Whether you are a seasoned nurse practitioner or a new grad looking for an adventure, volunteering abroad is a great experience that is not only beneficial to you, but greatly to the people you’ll help. Underserved communities throughout the developing world are in need of nearly every type of healthcare service, from vaccines to basic health care exams. But lack of access to advanced healthcare as well as extreme poverty make it difficult for people in many countries to get the healthcare services they need.

While you may feel the call to serve in impoverished countries, stepping outside of your comfort zone and taking your medical skills outside the US can be daunting, especially when considering what protections you’ll have as a foreign medical provider. Here are five considerations you should make before volunteering internationally.

1. Understand the risks of medical error associated with volunteering abroad

Simply put, volunteering abroad as a nurse practitioner has the potential to cause accidental harm to those in need. No matter how well meaning your efforts are, unfamiliarity with the patient population and their medical histories, the language barrier, and limited resources all increase your risk for medical error.

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In addition, the country where you’re volunteering may be largely unregulated, and as such you may be tempted to practice skills and techniques that are beyond your level of training. Practicing within the scope of your practice, however, is an ethical responsibility that will benefit both you and the patient, thus reducing your risk of being held liable in the event that something goes amiss.

2. Educate yourself on the legal framework in the country you’re volunteering in

While there is not standard international law that protects volunteers and medical malpractice laws in the developing world are overall weak, the country in which you’re volunteering in may have specific legislation in place that would provide you with protection in certain circumstances such as disaster relief. Though most developing countries have a very non-uniform approach to the legal protection of volunteers, many jurisdictions have general exemptions from liability for acts carried out in good faith.

3. Discuss malpractice coverage options and recommendations with the sponsoring organization

Talking with your sponsoring organization about how they’ll protect you or what they recommend will give you a better idea of whether or not you need to purchase additional malpractice coverage. They may also inform you of the laws in place in the country where you’ll be volunteering and how they apply to you as their agent.

Bear in mind that most organizations do not provide medical malpractice coverage for volunteers under the pretense that coverage is not necessary because the likelihood of a lawsuit is insignificant. And many organizations will eliminate the need for litigation by proactively offering settlements to families. However a few organizations, such as Doctors Without Borders, will provide professional liability coverage for field staff in addition to other benefits like health insurance, accident insurance, private liability, repatriation and flight insurance. Coverage from sponsoring organizations is really hit or miss.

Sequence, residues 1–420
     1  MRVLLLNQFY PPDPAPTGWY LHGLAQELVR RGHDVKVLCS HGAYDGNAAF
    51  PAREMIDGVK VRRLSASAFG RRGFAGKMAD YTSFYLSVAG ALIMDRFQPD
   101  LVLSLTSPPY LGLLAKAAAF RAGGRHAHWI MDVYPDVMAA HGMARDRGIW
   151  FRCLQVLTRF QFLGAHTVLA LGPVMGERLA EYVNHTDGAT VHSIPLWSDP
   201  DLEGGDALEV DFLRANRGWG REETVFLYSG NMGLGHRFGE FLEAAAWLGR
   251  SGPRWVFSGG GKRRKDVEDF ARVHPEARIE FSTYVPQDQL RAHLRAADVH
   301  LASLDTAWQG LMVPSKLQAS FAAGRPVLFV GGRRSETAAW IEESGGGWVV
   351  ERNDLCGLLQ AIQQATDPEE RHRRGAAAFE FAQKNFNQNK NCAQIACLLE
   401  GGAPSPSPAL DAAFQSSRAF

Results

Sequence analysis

4. Determine if additional malpractice insurance is beneficial to you

While some case law studies have found that there have been no active or past cases of medical malpractice against providers who have volunteered internationally, others have found evidence of a few cases and settlements; the highest being a $500,000 settlement in Kenya. Overall, evidence of malpractice suits against US volunteers is virtually nonexistent as patients in developing countries often do not have the resources to pursue justice, and as such many prefer to settle their disputes informally, with settlements generally being in the thousands of dollars.

In general, malpractice claims are uncommon against American providers volunteering their services overseas for free or at minimal charge and typically, volunteers are protected if they can show that they acted in good faith, within their scope of practice, and without any indirect or improper motive. It’s because of these factors that many providers choose to travel without liability coverage. However the decision to travel with or without liability insurance is really an individual decision that should be made by evaluating whether the risks outweigh the benefits and costs of obtaining additional coverage.  

5. Understand malpractice coverage options available to medical volunteers

Self-insured entities such as academic and large private hospitals may provide coverage on an individual basis for an international medical mission, whereas only about half of commercial insurance carriers in the US market offer coverage to providers volunteering internationally. Of the commercial companies that do offer coverage, most do not offer stand-alone policies for humanitarian missions and such coverage is only available in the form of specialized policies, which have limitations to coverage and high premiums. If you are able to purchase separate coverage for your trip, be sure to carefully review and understand the conditions, exclusions and terms in order for coverage to be effective.

If your insurance carrier does not provide such coverage, and you do determine that the costs and benefits to carrying an additional policy outweigh the risks of not doing so, there are a handful of companies that provide policies that are specifically for short-term medical outreaches. 

Before practicing in foreign territory, it’s important that nurse practitioners consider the legal implications of doing so and prepare for them ahead of their trip. 


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